How fire investigators distorted evidence to loot a company
Prosecutorial misconduct has become an ugly commonplace of modern government, manipulating the legal system to attack easy political targets. So some good news: The courts may dismantle a California settlement that was a product of fraud by prosecutors.
The story began in 2007 with the Moonlight Fire in California that burned some 65,000 acres, about two-thirds on federal land. Within 48 hours and while the flames were still burning, the state's department of forestry and fire protection, known as Cal Fire, and the U.S. Forest Service blamed the disaster on Sierra Pacific, a Redding-based company that owns some 1.2 million acres of timberland.
In 2009 a federal-state task force brought official complaints against the company and nearby landowners. California officials filed an action in state court while prosecutors sued for $1 billion in federal court. Sierra Pacific has insisted it didn't start the fire but, faced with an open-ended legal fight, the company in 2012 settled the federal case for $55 million and a deed of some 22,500 acres to the U.S. government.
But the state case continued, and it has exposed a fiasco of fraud and corruption so significant that the company is seeking to have the federal settlement overturned. Among other problems, government investigators and prosecutors doctored reports, misrepresented facts and retaliated against employees whose questions threatened their strategy.
According to the theory implicating the company, the fire started when the blade of a Sierra Pacific bulldozer hit a rock and created a spark. Government investigators pinpointed a location and claimed they had confirmation from a bulldozer driver. Problem was, both the fire's alleged point of origin and the scenario to buttress it were fraudulent. When the company questioned the bulldozer driver, he denied having made the statement and admitted he couldn't have confirmed the statement prosecutors had him sign because he didn't know how to read.
Prosecutors were also dishonest about where the fire started. Overhead videos have shown that the point of origin marked by the government was well outside the visual boundaries of the burning forest nearly an hour after the fire started.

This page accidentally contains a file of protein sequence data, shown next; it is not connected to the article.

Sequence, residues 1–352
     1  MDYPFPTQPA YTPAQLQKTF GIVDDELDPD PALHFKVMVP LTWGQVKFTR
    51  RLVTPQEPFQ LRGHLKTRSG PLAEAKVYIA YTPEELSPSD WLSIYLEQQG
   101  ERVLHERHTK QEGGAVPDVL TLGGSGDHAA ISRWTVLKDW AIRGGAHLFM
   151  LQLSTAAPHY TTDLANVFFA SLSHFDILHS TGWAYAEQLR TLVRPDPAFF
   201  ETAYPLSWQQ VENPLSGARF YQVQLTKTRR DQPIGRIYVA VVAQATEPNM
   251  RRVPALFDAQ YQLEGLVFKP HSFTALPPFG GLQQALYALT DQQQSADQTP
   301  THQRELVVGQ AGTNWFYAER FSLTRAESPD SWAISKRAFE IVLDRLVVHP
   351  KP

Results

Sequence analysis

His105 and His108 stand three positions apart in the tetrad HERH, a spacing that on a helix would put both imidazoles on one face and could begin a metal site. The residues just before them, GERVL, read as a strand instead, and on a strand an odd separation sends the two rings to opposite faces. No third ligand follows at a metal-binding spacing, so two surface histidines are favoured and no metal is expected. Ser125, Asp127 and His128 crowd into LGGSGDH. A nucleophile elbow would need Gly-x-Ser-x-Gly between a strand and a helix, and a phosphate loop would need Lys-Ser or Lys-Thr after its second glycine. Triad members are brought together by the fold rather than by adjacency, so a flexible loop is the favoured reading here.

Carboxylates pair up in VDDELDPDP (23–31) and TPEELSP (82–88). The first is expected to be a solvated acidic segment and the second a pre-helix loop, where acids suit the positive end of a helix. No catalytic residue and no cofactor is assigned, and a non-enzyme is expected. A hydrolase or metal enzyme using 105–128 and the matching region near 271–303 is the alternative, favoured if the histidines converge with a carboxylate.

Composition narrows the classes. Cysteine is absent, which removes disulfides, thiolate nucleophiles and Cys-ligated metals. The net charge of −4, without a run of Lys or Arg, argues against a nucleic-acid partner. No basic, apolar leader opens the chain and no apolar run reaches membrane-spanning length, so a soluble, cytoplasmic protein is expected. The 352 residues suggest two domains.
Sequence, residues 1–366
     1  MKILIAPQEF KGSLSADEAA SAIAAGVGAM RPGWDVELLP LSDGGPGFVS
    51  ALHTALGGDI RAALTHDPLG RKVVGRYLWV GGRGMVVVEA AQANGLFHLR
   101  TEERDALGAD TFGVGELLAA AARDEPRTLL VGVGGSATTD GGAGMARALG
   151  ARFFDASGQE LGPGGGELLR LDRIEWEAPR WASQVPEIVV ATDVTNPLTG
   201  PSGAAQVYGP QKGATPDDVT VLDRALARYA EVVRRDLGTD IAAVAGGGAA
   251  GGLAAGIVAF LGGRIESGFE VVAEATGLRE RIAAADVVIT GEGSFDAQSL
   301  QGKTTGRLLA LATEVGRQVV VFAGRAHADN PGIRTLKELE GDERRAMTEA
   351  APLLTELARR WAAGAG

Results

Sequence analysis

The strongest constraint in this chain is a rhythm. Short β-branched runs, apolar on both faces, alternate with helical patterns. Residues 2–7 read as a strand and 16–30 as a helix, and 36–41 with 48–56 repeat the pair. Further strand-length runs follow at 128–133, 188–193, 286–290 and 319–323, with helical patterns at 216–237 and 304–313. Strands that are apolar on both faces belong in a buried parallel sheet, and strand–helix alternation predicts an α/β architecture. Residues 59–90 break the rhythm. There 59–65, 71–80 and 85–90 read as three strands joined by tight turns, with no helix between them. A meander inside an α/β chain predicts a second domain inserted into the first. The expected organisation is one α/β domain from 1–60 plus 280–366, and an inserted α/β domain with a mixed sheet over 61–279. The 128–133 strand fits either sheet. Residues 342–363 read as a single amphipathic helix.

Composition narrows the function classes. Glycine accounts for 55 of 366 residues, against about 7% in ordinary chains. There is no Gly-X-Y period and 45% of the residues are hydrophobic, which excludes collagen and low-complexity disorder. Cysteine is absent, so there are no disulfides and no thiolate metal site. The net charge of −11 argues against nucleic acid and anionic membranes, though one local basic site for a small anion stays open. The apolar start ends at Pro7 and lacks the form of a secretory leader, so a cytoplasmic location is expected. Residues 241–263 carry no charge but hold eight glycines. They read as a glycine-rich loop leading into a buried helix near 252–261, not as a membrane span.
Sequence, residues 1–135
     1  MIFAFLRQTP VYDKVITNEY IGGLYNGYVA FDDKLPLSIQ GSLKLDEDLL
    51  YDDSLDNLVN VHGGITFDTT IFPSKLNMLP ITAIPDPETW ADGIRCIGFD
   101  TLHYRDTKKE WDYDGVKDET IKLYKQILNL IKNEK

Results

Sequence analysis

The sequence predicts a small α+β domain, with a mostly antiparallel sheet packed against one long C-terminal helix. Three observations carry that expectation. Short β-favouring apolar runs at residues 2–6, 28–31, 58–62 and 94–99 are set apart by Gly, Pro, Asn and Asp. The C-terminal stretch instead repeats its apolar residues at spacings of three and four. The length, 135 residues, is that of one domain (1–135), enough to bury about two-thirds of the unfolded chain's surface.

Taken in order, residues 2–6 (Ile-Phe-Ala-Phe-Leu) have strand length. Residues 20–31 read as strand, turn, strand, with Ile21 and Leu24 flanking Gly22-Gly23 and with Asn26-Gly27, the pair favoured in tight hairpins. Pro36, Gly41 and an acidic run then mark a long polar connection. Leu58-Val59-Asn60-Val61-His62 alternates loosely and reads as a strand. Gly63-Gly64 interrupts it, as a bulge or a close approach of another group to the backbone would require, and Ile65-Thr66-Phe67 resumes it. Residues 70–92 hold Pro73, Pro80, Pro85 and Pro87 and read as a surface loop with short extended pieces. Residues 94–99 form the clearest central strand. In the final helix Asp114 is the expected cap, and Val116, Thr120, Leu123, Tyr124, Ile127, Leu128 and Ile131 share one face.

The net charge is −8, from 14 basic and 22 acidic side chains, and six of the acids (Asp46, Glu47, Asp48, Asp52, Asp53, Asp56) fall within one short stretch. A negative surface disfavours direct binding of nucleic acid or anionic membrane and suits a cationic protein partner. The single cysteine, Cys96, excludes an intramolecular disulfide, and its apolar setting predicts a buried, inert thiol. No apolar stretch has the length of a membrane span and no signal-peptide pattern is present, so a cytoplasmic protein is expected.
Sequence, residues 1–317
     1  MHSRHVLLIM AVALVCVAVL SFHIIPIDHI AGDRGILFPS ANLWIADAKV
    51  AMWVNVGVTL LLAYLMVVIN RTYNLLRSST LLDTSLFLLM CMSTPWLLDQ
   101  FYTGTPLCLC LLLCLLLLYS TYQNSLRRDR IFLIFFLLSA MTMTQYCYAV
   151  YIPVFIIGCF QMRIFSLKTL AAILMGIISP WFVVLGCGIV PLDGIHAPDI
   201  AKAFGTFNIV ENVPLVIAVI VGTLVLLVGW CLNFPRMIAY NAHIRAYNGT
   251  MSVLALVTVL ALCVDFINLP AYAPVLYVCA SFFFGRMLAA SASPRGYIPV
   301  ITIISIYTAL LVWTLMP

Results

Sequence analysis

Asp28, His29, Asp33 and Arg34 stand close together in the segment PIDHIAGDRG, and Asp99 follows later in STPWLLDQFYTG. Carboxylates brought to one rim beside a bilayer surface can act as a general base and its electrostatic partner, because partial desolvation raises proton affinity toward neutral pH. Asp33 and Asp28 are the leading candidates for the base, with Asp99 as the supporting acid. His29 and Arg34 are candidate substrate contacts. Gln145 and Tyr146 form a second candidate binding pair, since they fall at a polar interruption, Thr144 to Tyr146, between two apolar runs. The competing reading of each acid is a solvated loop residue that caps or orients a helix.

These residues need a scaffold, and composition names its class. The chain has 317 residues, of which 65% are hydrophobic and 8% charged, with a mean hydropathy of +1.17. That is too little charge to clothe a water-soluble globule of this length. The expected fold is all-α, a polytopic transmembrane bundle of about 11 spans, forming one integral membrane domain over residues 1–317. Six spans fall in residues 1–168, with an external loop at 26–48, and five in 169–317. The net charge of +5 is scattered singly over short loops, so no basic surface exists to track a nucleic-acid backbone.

Leading the federal fire investigation was then-head of the Eastern District of California's Affirmative Fire Litigation Team, Robert Wright. A specialist in fire litigation, Mr, Wright says in a 15-page declaration in federal court that prosecutors withheld material information in the case, including a change in the fire's stated point of origin.
Mr. Wright says he also discovered an error in calculating the damage of part of a separate wildfire, which reduced the potential liability to $15 million from $25 million. Mr. Wright felt he was under a professional obligation to disclose the document, and he confirmed this with the Justice Department's Professional Responsibility Advisory Office. But he says his boss, Civil Chief David Shelledy, pushed back, saying, "That's a beginning. Now what can you do to avoid creating an ethical obligation to volunteer a harmful document."
When Mr. Wright disclosed it anyway, he says he was kicked off the Moonlight Fire case by Mr. Shelledy, days after he received a commendation for his performance on another case by U.S. Attorney Benjamin Wagner. Mr. Shelledy declined to comment, but Mr. Wagner told us that "we very strongly disagree with the assertions" made by Mr. Wright, "particularly insofar as they allege misconduct by individual AUSAs and retaliation by our office against a former employee."
Mr. Wagner adds that Mr. Shelledy was "recently awarded the Attorney General's Award for Distinguished Service from Attorney General Holder. "
A second federal prosecutor, Eric Overby, joined the case in 2011, only to withdraw promptly on discovering what he called prosecutorial abuse directed squarely at raising revenue. He told defense counsel that in "my entire career, I have never seen anything like this. Never."
In February 2014, California state Judge Leslie Nichols assailed the federal and state government for abuses of discovery so "reprehensible" and "egregious" that they "threatened the integrity of the judicial process." He threw out the case and awarded Sierra Pacific $30 million in sanctions against Cal Fire.
If that seems like a large number, the judge noted, the prosecutors were out to "win at any cost." Defendants had to uncover layers of governmental corruption, Judge Nichols continued. "The cost of Plaintiff Cal Fire's conduct is too much for the administration of justice to bear."
The case is growing in infamy. In October, Sierra Pacific filed a motion before federal judge Kimberly Mueller under rule 60(d) to vacate the settlement on grounds that it had been reached as the result of fraud on the court. The case was then removed from Judge Mueller and reassigned to a new judge, William Shubb, who will hear the next phase of the case.
That move acknowledges a legal fraud that could burn down the courthouse, not to mention the reputation of the government's fire investigators and the federal prosecutors pursuing a payday. Judge Shubb has an obligation to sanction these legal abuses with enough force that prosecutors across the country get the message.
By Wall Street Journal
Source: The Wall Street Journal